Too many job ads are looking for insane amount of skills in one person...They ask for a "Unix Admin" person who knows how to code in C++, C#, manage an Asterisk server, install mange & tune 1000 RHEL servers, use NAGIOS, maintain a SAP system, automate sysadmin tasks using bash/ksh/perl/PHP/C/C++, setup and manage IIS & Apache, admin websphere & coldfusion, install manage and tune Windows 2003/2008/2008R2, manage VMware/vSphere/ESX/ESXi servers, perform second level support for Windows users, manage printers, travel onsite for servicing, be on call 24/7 (for no extra pay), and be able to interact like a jolly good fellow with customers, co-works and management, oh, and write documentation and explain things as well as Carl Sagan could.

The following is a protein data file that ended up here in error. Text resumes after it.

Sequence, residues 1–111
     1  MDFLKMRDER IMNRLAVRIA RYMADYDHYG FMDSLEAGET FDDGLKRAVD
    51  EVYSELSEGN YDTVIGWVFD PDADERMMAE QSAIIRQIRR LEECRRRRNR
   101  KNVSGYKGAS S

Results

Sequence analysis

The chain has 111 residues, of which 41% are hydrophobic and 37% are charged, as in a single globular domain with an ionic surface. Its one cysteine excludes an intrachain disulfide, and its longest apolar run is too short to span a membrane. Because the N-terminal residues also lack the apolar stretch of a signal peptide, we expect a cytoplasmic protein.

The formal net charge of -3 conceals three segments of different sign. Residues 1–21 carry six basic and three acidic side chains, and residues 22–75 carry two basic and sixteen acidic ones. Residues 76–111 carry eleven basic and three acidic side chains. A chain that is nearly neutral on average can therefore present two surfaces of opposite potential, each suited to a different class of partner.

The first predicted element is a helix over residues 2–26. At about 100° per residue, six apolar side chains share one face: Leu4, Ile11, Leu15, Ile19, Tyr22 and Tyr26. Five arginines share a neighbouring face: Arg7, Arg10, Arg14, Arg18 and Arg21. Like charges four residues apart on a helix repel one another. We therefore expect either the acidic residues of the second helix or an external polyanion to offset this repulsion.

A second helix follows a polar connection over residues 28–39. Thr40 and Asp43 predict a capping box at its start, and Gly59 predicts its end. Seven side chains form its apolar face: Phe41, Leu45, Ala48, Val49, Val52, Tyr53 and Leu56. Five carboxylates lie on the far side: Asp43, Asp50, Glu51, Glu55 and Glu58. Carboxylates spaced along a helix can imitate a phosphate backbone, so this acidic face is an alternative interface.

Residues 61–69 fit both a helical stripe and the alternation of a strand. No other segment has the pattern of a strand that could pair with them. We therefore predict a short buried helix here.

I've seen this happen as a side effect of a formal job evaluation process. Employees write up their job duties/skills in minute detail ("I helped the SAP admin by rebooting a server once" becomes "maintain the SAP system") and these duties are then scored by a committee. More "duties" = more points = more money, so of course, the employee is entirely motivated to pad everything. My personal favourite is the educational requirements. I have a masters in an unrelated field, so therefore a masters is a "requirement" of my job that just happens to be worth 2 pay grades.
The evaluation committee normally does a pretty decent job of leveling out the pay grades, but unfortunately it's the originally document often turns into the job posting when that person needs to be replaced.